Did you see that woman?
Rolling down your street, full gear on, helmet and everything, Bambi legs, sweating, and possibly looking a little (alright, A LOT) out of place? Wow. What the fuck does she thing she’s doing? Look at her.
That’s right, take a gander. That was me. 6:48 yesterday evening. Technically 6:57, because the first 9 minutes were spent standing casually on my sidewalk, trying to look like I was waiting on someone. In my skate gear. Like you do in the suburbs. That was after 3-5 minutes of sitting on my porch, putting my skates on, only to immediately fall on my ass the minute I tried to stand up. Oh, and the extra 60 seconds it took to roll timidly back in the house to get mouth guard and helmet. Because holy shit, if I was going to fall down IMMEDIATELY, who knows what’s in store, riiiiight? Oh, and the few more minutes I took to roll around in my front room to make sure I was not going to just completely forget what my legs do.
Was I scared? Yup. Terrified. I have not put skates on in over a year. We recently moved to a neighborhood where there is an amazing 9-mile trail, very tame and paved with concrete sidewalks, around a little pond. I had built up “skating the trail” to such monumental heights that I actually began convincing myself that there was no way I could do this. But I badly wanted to do this. None of these thoughts, of course, are rational. I am a decent skater. Not a great roller derby player, because there is a very distinct difference, as many of you reading this can attest. But I more than mastered the art of, you know, circling. I have skated many a trail. Some difficult. Some that other skaters never would even try. So it’s not like it’s a foreign concept.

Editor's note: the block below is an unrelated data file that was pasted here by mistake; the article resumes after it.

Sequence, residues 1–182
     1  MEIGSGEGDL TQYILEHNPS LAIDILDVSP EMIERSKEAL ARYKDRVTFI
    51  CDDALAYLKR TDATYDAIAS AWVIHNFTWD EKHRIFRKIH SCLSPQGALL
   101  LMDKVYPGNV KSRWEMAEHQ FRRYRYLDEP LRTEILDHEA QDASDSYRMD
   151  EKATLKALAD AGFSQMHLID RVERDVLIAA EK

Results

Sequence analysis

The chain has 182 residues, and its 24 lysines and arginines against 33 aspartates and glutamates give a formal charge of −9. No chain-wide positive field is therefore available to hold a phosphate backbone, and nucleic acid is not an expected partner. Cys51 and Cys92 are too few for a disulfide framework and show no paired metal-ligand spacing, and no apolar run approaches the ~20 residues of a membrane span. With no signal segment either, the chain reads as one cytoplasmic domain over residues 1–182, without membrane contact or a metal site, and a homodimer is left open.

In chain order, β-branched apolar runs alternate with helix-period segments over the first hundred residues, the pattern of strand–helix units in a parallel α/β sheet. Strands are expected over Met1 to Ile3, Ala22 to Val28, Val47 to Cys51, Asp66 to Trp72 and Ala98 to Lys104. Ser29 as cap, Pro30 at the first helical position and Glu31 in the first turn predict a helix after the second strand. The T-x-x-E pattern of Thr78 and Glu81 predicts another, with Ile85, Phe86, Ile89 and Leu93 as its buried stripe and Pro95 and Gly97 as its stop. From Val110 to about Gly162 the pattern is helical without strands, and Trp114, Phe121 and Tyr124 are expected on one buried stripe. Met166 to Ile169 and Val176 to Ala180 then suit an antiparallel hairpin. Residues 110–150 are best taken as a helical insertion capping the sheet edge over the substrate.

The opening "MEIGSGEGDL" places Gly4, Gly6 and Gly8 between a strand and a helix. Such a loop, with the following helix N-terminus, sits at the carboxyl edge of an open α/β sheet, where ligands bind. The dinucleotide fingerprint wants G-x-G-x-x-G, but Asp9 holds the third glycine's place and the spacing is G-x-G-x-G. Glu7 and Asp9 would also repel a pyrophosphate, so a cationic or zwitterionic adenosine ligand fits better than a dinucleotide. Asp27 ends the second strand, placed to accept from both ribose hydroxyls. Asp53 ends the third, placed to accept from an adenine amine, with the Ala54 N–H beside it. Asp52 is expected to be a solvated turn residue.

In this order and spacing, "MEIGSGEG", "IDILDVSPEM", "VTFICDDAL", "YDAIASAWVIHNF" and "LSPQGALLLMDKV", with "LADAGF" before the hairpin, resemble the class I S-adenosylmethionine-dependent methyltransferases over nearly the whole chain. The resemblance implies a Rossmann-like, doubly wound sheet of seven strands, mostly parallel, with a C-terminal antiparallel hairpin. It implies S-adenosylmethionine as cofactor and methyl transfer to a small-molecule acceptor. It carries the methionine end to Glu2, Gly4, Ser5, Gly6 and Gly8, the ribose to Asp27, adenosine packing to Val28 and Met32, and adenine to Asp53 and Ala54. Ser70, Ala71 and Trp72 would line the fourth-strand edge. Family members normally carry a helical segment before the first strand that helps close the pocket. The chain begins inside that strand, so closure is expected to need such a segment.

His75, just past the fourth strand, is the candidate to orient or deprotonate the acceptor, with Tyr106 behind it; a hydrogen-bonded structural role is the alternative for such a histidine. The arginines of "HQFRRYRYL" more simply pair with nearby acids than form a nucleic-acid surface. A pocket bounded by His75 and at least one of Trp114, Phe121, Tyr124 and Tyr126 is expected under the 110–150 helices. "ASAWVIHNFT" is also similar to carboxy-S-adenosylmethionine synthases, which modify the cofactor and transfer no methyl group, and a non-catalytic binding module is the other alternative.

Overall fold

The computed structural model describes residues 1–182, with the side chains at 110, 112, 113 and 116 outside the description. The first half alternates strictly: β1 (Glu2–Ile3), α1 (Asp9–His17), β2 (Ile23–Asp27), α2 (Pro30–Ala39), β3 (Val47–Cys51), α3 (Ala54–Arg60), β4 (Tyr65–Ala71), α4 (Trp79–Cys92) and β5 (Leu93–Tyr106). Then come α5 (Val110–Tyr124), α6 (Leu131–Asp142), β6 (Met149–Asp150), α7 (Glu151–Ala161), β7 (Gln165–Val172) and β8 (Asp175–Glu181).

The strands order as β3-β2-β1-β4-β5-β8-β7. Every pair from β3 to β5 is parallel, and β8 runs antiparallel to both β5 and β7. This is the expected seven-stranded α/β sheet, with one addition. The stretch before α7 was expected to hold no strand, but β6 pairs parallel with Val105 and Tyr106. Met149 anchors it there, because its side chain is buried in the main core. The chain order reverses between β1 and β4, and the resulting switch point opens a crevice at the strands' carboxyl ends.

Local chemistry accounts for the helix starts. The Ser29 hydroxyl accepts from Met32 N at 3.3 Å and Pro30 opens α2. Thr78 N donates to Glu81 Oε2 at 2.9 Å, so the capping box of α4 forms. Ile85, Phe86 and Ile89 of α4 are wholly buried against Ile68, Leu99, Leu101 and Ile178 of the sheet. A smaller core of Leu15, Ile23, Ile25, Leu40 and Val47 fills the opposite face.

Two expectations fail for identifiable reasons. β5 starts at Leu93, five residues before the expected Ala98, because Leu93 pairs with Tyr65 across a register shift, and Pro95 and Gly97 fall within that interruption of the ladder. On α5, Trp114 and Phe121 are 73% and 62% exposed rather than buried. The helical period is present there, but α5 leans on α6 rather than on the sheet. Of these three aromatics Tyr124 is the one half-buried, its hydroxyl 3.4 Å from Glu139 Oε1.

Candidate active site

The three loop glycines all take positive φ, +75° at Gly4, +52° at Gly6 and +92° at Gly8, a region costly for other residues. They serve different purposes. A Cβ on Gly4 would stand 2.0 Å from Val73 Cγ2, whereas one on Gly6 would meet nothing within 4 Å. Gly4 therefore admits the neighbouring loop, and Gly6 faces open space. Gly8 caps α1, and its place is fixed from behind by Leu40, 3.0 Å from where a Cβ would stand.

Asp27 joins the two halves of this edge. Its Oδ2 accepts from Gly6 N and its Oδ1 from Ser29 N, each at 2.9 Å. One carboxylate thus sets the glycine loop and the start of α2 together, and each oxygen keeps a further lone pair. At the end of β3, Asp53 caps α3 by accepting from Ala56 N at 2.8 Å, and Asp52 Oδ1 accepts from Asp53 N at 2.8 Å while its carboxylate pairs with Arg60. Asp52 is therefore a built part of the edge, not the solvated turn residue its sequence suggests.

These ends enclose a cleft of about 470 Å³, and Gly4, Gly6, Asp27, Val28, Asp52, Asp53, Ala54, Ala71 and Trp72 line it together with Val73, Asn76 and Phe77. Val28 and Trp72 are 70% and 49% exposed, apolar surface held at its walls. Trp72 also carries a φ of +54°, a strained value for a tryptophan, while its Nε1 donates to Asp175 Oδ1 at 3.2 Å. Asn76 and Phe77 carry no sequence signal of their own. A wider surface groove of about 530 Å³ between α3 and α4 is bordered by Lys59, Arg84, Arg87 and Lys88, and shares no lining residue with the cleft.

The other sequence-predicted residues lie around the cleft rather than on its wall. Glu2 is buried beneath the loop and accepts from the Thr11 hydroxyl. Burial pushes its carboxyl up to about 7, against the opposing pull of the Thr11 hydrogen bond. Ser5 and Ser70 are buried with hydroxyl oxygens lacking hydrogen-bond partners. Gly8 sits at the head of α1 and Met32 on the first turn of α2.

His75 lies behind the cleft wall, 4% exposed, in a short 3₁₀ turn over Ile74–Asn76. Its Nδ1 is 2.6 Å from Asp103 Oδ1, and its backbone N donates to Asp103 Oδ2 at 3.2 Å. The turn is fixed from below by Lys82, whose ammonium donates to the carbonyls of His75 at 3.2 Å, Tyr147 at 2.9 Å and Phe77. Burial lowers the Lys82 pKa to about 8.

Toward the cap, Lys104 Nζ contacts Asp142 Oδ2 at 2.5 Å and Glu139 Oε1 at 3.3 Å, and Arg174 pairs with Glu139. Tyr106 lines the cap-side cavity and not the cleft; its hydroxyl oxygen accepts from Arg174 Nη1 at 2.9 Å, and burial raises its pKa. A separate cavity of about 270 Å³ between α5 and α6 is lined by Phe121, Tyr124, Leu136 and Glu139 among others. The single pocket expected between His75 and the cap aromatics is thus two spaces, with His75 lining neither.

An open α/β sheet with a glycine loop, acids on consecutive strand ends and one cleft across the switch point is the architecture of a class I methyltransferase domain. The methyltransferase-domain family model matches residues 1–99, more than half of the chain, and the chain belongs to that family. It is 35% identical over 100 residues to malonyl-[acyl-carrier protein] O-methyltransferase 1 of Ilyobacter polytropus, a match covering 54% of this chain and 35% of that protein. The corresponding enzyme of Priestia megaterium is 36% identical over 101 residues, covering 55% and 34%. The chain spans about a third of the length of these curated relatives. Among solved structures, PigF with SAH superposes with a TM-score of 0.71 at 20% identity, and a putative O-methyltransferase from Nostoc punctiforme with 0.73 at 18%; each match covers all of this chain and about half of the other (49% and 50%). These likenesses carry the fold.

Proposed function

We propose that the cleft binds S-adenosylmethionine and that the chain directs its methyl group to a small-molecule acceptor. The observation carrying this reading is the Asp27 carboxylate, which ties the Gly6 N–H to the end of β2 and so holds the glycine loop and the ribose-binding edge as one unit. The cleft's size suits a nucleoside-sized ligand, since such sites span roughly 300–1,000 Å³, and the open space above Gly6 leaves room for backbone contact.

Bur you retire, you get comfortable in not really knowing pain on a daily basis any longer, and for some of us, those skates aren’t that easy to just don with any kind of confidence any more. Then you start wondering if you ever even had confidence in the first place. And if you did, was it warranted. Go thee forth into this downward spiral of Self-Esteem Rabbit Holes. You get the picture.
This particular rabbit hole left me staring at my skates longingly, but making 1001 excuses as to why I couldn’t put them on. A great deal of the excuses were rooted in the psychological damage I inflicted on myself while playing roller derby. Sometimes the skates were too hard emotionally to even look at, much less wear. But you know what, nothing feels the same way forever. No feeling lasts. Things change. And for me, that has been beautiful. Even if painful. The beauty is in the reality that I get to write this story. No one else does. No one else defines me. No one else gets to tell me I’m ok, or not ok, or not enough, or just right. People can, and do. And yet:
That is my job. My singular job. For whatever time I get on this amazing, fucked-up, ironic and devastatingly gorgeous planet.
And the old moves, the feeling of being a little unsure or awkward but getting better with every step, came back. Did I cross over the Dreaded Wooden Bridge? Not last night. Will I? Maybe. All I know is that with the wind blurring my vision just a little along with weird, hesitantly watery eyes for some unknown reason, I felt like my soul let go. Like it doesn’t matter that people saw me. That you saw me.
What the fuck do I think I’m doing? I don’t have a clue. But right at that moment, in all of the intense vulnerability and joy that bubbled up inside of me, it was the most perfect skate of my life.